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Brazil Prison Riot Leaves 57 Dead, 16 Decapitated

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  • A prison riot between rival gangs in Brazil left at least 57 inmates dead. Of those killed, 16 were decapitated and the rest died from smoke inhalation from a fire that was started.
  • Gang violence is common in Brazilian prisons, which kingpins often use as command centers to run their criminal operations.
  • Inmate populations have grown dramatically in the last decade, creating issues with overcrowding and lack of funding, and leaving Brazil with the third-largest prison population in the world.
  • Experts expect the violence to get worse as inmate populations rise, and as President Jair Bolsonaro promises to put more people in jail.

Prison Riot

A prison riot that broke out in the state of Pará, Brazil Monday has left 57 people dead.

The riot reportedly started when members of one gang at the Altamira prison invaded the prison block that another rival gang occupied. Gang members then started a fire, which spread rapidly and prevented police from entering the building for several hours.

Once the riot was stopped and the damages were assessed, authorities reported that 16 people had died from decapitation, while the rest had died from smoke inhalation from the fire.

Two prison guards were also held hostage during the riot, but they were later released unharmed.

“It was a targeted attack,” State prisons chief Jarbas Vasconcelos said in a statement. “The aim was to show that it was a settling of accounts between the two groups, not a protest or rebellion against the prison system.”

Vasconcelos statement is not wrong, but the situation is more nuanced than his description may imply.

At the surface level, it is true that the riot was caused by rival gangs. Over the last few years, Brazil’s largest gangs have expanded and spread across the country as they develop lucrative drug routes and form alliances with smaller gangs.

That has also lead to more violence between gangs. Those clashes do not stop when gang members or even the drug kingpins are put in jail. In fact, many of the gangs consider prisons to be a sort of command center or home base.

Brazil’s government has long moved gang leaders to prisons that are far away from their homes with the hope that it will weaken their criminal networks.

However, that policy seems to have completely backfired because it has basically just allowed the gangs to create a broader national reach.

Once in jail, gang leaders use smuggled cell phones to continue to run their criminal organizations, sometimes across multiple states.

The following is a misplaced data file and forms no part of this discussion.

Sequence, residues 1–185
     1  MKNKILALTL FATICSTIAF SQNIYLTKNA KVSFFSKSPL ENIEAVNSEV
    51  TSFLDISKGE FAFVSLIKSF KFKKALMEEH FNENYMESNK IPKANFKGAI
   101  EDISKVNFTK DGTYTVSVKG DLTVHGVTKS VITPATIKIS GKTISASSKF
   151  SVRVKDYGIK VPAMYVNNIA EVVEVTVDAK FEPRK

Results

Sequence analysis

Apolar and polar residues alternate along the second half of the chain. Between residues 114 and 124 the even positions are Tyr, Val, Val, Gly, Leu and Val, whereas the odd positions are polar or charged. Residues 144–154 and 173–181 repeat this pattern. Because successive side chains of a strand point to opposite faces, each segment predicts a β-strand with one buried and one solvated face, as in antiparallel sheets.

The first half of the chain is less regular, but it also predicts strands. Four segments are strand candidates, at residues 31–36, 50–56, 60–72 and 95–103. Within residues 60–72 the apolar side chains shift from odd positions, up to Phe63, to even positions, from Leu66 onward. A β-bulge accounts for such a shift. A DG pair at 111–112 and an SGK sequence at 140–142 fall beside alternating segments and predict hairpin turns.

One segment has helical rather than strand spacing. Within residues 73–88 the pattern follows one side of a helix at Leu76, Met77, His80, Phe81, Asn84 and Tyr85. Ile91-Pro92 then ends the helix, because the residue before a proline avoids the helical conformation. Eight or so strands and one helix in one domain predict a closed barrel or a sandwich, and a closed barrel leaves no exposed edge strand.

These gang members are incredibly powerful in Brazilian prisons, so much so that other inmates are often forced to join the gangs to survive.

Overcrowding & Underfunding

While it is true that the rivalries between these gangs prompted Monday’s riot, that kind of mass violence is not necessarily inevitable.

The violence among prison inmates is exacerbated by more structural issues, like overcrowding and lack of funding. Brazil’s prison population has risen in recent years, but there has not been funding or investment to match that rise.

According to the Washington Post, Brazil’s inmate population has gone from about 500,000 to 800,000 in the last 10 years alone, making it the third-largest inmate population in the world after the U.S. and China.

Just this month, Brazil’s National Justice Council released a report that found the Altamira prison was built for 163 detainees but holds 343. The report also described the conditions inside the prison as “terrible.”

At a press conference, Vasconcelos said Altamira is not considered overcrowded. “It is not a unit that has a prison overcrowding, we consider overcrowding when it exceeds 210 percent,” he said.

However, some of the Brazilian facilities are reportedly so overcrowded that inmates are forced to sleep standing up and their hands are tied to bars so they stay upright. The lack of funding also means that prisons are short-staffed.

Experts have said that the combination of overcrowding and lack of funding has a direct connection to increased gang violence in the prisons.

“There are almost twice as many prisoners as there is prison space,” Bruno Paes Manso, a researcher at the University of Sao Paulo’s Violence Studies Center told the Washington Post. “The result is that this insecurity strengthens gang command and prison leadership, which has grown in Brazil in the last 10 years.”

Experts also believe this kind of violence will not only continue but also get worse, which is something that is already happening.

The Altamira riot is not the only instance of prison violence that has caused mass fatalities in the last few months. In May, 55 people were killed in riots that broke out in four separate prisons all in the state of Amazonas. Again, those riots stemmed from power struggles between gangs.